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Group calls on school curriculum to include human rights concepts

Group calls on school curriculum to include human rights concepts

Taipei, Aug. 11 (CNA) A women's rights group expressed hope Tuesday that human rights concepts will be included in school curriculum guidelines, after the issue of "comfort women" became a point of controversy in the recent dispute surrounding revised high-school curriculum guidelines. The existing curriculum fails to provide accurate information on the topic of comfort women -- women across Asia who were forced into sexual slavery by the Japanese Imperial Army during World War II -- to help students understand the sexual abuses and pain suffered by the comfort women, said Kang Shu-hua (???), executive director of the Taipei Women's Rescue Foundation (???????). Kang made the remarks on the sidelines of a news conference held just before a screening of the documentary "Song of the Reed," a 76-minute film that chronicles the later years of Taiwanese comfort women. The foundation has been dedicated to helping Taiwanese comfort women cope with their mental anguish and to seek justice and compensation from Japan over the last 20 years. It is meaningless to focus on whether the comfort women were "forced" into sexual slavery or "volunteered" to do so, Kang said, expressing hope that the curriculum guidelines will include human rights concepts. Protesters have taken to the streets in recent weeks to oppose changes to the high school history curriculum guidelines, which according to the demonstrators, "are presented from the perspective of Chinese unification." While most of the protesters' anger is directed toward what they call "black-box" or secretive changes to the curriculum that presents a "China-centric" view, a handful of opponents have also questioned a modification related to the comfort women. The change describes the victims of Japanese sex slavery during World War II as "women forced to become comfort women" instead of simply as "comfort women." Some opponents of the curriculum changes have argued that not all comfort women were forced. Representatives from major and minor parties were also present at Tuesday's event in support of the comfort women and called for the public to watch the documentary, which will hit cinemas in Taipei, Taoyuan and Kaohsiung Aug. 14. More than 2,000 Taiwanese women and many more across Asia were forced into sexual slavery by the Imperial Japanese Army during World War II, according to the foundation. (By Elaine Hou)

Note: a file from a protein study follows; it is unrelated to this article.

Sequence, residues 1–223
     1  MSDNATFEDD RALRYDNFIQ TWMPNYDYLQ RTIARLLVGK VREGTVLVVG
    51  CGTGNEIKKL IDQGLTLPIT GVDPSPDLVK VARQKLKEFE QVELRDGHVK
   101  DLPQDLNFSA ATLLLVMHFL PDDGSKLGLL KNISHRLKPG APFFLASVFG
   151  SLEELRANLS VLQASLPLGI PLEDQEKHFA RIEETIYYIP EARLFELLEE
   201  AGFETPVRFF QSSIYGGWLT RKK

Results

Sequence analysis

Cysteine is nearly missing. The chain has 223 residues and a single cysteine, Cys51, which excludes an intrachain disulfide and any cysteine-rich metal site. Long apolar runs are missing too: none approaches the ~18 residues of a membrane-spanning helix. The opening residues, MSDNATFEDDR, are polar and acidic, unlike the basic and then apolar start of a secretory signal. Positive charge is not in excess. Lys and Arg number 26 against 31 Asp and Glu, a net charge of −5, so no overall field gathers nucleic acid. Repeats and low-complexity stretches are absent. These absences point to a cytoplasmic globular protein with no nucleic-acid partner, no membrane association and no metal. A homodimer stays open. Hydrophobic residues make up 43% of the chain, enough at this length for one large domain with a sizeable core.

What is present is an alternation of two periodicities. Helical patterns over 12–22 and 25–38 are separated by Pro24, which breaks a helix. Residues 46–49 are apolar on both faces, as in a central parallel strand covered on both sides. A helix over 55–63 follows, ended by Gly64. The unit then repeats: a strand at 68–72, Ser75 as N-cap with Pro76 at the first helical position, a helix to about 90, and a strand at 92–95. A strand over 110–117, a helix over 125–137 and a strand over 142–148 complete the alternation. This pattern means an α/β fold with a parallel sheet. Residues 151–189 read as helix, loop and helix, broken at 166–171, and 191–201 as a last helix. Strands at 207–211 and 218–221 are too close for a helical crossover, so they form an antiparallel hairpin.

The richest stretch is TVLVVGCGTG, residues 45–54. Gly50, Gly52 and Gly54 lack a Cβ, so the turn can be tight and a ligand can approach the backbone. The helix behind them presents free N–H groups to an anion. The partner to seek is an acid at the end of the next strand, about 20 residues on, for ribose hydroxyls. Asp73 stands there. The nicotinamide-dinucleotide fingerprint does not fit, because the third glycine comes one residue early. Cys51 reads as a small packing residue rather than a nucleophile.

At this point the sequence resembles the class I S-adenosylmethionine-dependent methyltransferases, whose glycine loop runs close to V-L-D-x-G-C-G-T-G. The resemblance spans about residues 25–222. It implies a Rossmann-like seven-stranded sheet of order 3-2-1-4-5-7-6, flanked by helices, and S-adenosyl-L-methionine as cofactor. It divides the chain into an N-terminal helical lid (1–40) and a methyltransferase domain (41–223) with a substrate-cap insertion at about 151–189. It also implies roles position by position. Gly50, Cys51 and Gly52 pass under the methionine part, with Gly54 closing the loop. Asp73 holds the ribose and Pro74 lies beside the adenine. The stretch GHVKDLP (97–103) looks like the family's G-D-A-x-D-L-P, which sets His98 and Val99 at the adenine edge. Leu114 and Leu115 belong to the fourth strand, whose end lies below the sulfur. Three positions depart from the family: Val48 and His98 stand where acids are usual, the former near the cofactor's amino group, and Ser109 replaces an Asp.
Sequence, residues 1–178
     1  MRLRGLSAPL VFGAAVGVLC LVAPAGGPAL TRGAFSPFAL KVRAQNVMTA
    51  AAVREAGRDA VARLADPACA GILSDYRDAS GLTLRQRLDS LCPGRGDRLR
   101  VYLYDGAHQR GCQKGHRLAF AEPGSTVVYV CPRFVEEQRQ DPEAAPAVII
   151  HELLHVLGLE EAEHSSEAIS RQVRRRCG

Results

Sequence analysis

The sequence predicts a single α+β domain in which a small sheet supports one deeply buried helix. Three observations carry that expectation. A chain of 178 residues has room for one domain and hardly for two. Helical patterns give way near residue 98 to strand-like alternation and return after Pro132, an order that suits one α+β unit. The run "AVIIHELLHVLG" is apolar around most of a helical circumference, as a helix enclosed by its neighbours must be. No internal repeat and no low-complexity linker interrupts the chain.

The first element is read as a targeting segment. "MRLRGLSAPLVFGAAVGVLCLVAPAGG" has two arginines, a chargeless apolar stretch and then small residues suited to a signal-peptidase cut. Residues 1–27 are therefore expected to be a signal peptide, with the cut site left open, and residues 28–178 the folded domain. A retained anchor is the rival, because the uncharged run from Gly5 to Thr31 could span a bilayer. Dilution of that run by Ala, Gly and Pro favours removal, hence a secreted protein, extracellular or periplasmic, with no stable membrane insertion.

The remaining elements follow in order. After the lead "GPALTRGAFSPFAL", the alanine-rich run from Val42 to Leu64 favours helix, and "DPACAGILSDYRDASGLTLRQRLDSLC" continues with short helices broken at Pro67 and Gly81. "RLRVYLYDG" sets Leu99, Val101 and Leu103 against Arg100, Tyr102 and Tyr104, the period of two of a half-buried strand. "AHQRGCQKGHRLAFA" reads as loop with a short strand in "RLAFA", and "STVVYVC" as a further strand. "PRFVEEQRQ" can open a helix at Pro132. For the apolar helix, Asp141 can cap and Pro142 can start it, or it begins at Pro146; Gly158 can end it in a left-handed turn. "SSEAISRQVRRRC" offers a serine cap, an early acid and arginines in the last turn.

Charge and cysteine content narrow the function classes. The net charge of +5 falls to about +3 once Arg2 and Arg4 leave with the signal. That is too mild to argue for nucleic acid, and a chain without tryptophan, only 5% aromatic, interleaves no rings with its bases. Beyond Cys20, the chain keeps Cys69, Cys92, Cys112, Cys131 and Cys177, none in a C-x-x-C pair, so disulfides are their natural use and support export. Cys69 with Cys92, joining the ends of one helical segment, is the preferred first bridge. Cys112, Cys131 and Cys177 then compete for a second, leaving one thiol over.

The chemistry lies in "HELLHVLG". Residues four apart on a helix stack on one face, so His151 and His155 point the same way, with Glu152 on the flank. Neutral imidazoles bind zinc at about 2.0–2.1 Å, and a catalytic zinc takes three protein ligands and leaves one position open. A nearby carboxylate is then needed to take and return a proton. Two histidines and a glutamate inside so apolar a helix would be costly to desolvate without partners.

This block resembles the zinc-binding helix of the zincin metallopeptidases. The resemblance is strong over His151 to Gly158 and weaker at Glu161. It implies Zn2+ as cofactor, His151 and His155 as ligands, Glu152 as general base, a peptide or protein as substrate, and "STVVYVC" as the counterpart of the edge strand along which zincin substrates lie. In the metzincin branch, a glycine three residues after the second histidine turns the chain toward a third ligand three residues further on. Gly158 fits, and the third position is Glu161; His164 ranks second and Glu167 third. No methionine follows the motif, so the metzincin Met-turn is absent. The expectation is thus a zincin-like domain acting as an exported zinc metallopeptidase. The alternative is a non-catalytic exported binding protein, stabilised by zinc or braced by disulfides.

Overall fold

Updated : 2021-09-28 19:15 GMT+08:00